International trade has been an invaluable way for countries to make money and obtain goods. From 3,000 BC to the Roman Empire to the Age of Exploration and to modern-day, trade has been focused on commodities and other valuable goods. The countries that controlled the trade routes were able to obtain great wealth and power.
One country that has gained great wealth and power on the global stage in recent years is China. As a result of its domination of trade and manufacturing, China has risen to the second-richest country in the world behind only the United States.
China has been dominating world affairs due to this control over manufacturing and trade. However, it faces rising competition from other world powers such as India, Japan, and the US. China has made headlines for its recent economic activities that are slowly giving it increasing control of developing areas. This is all part of their Belt and Road Initiative.
China employs a strategy known as debt-trap diplomacy, also known as the Chinese money trap. This is where China gives loans to underdeveloped or developing countries in order for them to develop their infrastructure. If a country can’t pay back their loans by a certain time period, China takes control of its trade routes. China desires to rebuild a type of Silk Road, a network of trade routes that connected southeast and east Asia with the Arabian peninsula.
The Silk Road was known for mainly Chinese goods being traded with the West. These goods helped bring great wealth to both China and the countries that traded with China. It also helped China control trade on the Asian continent during the time. This control over these trade routes brought great wealth and stability to China, which is something the Chinese are trying to recreate today by using debt-trap diplomacy.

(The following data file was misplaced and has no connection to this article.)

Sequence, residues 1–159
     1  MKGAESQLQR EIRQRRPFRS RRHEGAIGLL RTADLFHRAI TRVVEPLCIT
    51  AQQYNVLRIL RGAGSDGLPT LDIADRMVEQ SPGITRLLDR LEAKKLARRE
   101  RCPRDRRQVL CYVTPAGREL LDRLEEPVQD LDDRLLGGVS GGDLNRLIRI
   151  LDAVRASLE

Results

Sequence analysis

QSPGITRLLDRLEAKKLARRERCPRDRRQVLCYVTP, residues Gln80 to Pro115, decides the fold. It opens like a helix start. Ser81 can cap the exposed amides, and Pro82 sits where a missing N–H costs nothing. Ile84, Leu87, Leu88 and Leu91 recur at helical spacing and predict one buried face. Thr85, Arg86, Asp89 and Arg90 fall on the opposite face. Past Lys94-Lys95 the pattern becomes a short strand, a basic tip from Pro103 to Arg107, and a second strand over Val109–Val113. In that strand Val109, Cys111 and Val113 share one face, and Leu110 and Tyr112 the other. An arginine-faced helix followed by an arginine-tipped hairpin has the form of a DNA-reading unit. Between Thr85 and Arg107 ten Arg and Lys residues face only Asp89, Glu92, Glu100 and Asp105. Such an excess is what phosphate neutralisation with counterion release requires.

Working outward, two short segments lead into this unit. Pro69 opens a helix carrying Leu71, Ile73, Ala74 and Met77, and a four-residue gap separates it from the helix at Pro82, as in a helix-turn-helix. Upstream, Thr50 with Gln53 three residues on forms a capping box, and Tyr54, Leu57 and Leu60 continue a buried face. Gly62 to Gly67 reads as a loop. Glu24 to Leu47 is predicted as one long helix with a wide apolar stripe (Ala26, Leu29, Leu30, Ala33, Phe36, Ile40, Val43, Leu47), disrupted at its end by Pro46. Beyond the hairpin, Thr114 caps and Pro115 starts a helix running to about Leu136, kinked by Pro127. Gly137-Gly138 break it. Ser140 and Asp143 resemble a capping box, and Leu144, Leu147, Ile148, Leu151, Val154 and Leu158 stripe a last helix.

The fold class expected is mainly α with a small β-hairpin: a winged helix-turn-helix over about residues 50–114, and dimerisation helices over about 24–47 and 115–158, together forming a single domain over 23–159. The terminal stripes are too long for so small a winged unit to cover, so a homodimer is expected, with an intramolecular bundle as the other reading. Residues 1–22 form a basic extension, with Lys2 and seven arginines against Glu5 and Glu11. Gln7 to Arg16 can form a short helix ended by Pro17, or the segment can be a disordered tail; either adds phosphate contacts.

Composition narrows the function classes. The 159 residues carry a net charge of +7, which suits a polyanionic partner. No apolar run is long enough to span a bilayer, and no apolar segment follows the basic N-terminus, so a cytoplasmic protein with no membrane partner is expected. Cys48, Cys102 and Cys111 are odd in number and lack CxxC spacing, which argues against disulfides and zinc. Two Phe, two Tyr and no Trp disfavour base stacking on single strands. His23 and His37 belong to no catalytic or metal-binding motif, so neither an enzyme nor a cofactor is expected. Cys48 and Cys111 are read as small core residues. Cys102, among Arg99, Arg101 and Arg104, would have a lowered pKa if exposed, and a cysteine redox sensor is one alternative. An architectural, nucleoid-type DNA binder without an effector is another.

Loans to Asia
China is known to be the global superpower based in Asia. China dominated Asian affairs for years and still continues to dominate as it is the largest economy in Asia and second-largest in the world. Asia is also home to many developing countries and is classified as on the poorer side. This makes Asia fertile ground for China to plant their economic seed and dominate the continent for years.
One country that China has given billions of dollars in loans to was Sri Lanka. Sri Lanka used this money to build roads, skyscrapers, bridges, and other infrastructure that made the country wealthier and more economically progressive. However, when it came time to pay back the loans with interest, Sri Lanka could not pay back the full amount. This resulted in Chinese ownership of several infrastructure projects that helped grow Sri Lanka’s economy in the first place. By doing this, China is gaining increasing ownership in countries like Sri Lanka, and they are redirecting the economic activity back to them in order to become more powerful and influential in world affairs.
Another country that shows Chinese domination in the area is Indonesia. In 2003, a $445 million project known as the Suramadu bridge was built by a number of Indonesian companies working with China Road and Bridge Corporation and China Harbor Engineering Co. Ltd. In 2011, the $1.5 billion Sumatra coal railway was built. Finally, the $5.5 billion Jakarta-Bandung high-speed rail was built in 2015. These three examples are part of the many projects China has funded in Indonesia.
In April 2018, Indonesia signed five contracts worth $23.3 billion for national infrastructure projects. March 2019 was when China and Indonesia executed an investment plan of $91.1 billion for 28 projects under the Belt and Road Initiative. All of these heavy investments show China’s increasing grip on Indonesia as all of those loans will come at a cost. The cost being that China will be able to control a lot of state-owned assets or other infrastructures that are crucial to the Indonesian economy.
Since Africa is a developing continent, there is a vast opportunity for rapid economic growth in the future. Countries like Nigeria and Egypt are expected to be in the top 15 economies by 2050, beating countries such as South Korea, Spain, and Italy. This represents a huge economic opportunity for China as they can also profit from the huge growth taking place in Africa. As a result, China has heavily in African countries in order to gain this future economic prosperity.